This is why the format specifiers you use must match the arguments you pass.

share|improve this answer

I meet the similar issue , and finally I develop a way to solve it , not sure whether that's what you want.The key point is that : you should pass a float instead of a integer .

#include <stdio.h>
void printIntAsFloat();

int main(void){
    printIntAsFloat();
}

void printIntAsFloat(){
    float c = 1.0;
    int a = 0x3F800000;
    int *ptr = (int *)&c;
    float *fp = (float*)((void*)&a); /*this is the key point*/
    printf("\n0x%X\n", *ptr);
    printf("\na = %f", a);
    printf("\nc = %f", c);
    printf("\nfp = %f", *fp);
    return; 
} 

the output is like this :

0x3F800000

a = 0.000000
c = 1.000000
fp = 1.000000

OS : Fedora21 64 bit GCC version :gcc version 4.9.2 20141101 (Red Hat 4.9.2-1) (GCC)

share|improve this answer
    
This still has undefined behaviour, all the same original issues remain as were discussed in the earlier answers and comments. What you did is stumbled on a combination of planetary alignment that appears to work just now, on one system with one compiler version and combination of settings. – M.M Apr 7 '15 at 1:43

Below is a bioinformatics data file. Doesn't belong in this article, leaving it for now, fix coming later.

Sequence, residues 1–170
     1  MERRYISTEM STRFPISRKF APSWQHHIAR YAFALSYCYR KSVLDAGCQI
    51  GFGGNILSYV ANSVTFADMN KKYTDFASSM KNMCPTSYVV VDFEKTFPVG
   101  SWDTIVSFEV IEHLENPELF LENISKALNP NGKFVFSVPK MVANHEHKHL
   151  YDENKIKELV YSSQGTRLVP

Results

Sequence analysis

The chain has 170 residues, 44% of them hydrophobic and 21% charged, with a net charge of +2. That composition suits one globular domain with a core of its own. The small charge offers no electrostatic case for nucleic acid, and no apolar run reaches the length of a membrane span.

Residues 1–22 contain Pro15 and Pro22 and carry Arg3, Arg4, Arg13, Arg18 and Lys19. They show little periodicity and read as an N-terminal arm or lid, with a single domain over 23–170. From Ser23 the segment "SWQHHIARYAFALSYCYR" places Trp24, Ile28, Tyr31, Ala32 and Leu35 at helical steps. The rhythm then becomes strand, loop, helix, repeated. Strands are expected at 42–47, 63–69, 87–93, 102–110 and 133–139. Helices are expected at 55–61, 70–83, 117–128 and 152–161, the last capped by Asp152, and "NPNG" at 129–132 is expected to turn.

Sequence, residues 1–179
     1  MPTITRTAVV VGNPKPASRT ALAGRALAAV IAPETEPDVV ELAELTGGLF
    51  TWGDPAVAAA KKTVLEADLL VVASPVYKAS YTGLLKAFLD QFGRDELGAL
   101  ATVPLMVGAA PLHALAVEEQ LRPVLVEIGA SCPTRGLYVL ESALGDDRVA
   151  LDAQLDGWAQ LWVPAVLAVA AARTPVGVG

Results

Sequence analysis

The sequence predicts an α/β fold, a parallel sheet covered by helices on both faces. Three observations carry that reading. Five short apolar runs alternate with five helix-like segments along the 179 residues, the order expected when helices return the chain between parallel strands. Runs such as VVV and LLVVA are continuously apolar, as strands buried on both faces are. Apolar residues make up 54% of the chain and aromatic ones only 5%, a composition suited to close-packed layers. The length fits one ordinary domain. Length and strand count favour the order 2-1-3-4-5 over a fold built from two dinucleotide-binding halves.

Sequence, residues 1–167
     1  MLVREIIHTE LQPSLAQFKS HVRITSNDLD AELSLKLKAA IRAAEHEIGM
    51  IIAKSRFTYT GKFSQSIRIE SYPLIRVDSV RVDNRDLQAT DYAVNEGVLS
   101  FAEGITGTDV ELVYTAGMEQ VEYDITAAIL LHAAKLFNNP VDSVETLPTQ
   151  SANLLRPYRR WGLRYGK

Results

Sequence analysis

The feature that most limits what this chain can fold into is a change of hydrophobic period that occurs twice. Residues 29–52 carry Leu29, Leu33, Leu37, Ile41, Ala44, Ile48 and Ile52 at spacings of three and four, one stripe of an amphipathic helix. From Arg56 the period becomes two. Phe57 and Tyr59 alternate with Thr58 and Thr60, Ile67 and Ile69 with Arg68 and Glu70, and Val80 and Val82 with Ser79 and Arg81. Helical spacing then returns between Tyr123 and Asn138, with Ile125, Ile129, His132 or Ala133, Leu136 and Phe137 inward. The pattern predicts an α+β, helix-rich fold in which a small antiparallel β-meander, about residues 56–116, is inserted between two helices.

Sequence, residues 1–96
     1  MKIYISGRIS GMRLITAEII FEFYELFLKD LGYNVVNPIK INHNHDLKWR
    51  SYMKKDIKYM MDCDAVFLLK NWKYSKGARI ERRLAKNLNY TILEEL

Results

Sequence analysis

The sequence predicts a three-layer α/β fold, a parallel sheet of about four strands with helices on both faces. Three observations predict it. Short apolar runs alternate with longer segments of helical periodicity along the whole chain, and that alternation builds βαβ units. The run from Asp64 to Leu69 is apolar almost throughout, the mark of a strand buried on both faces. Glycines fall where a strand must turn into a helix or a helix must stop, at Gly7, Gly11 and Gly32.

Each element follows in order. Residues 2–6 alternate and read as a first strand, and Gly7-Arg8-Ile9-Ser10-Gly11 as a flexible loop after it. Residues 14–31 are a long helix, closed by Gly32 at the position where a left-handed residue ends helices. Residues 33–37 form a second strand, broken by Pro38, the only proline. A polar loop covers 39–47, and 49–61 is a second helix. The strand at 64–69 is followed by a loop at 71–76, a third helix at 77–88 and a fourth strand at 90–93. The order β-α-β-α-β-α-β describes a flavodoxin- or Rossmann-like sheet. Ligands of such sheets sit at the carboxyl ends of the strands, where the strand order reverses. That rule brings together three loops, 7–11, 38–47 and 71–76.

I am not so familiar with C , can you please explain which line of code contain undefined behavior slightly ? – Chris.Huang Apr 7 '15 at 3:28
    
Lines 13,14,16 do; and lines 11 and 12 might do. I don't want to repeat what's already been said though, so read over other comments. – M.M Apr 7 '15 at 3:40
    
you are right . I just realize what i did is exactly same as others has discussed before . – Chris.Huang Apr 7 '15 at 3:55
int a= 0x3F800000;
printf("\na = %f", *(float*)&a);//1.0
share|improve this answer

cast the variables

printf("\na = %f", (float)a);
printf("\nc = %f", (float)c);
share|improve this answer
1  
That doesn't answer the question, which is why it behaves as it does, not how to change the behavior. – Adam Liss May 17 '13 at 11:28
    
-1 plus it doesn't even work because it casts the value of a to a float. to do that he may *((float*)&a) – Adriano Repetti May 17 '13 at 11:36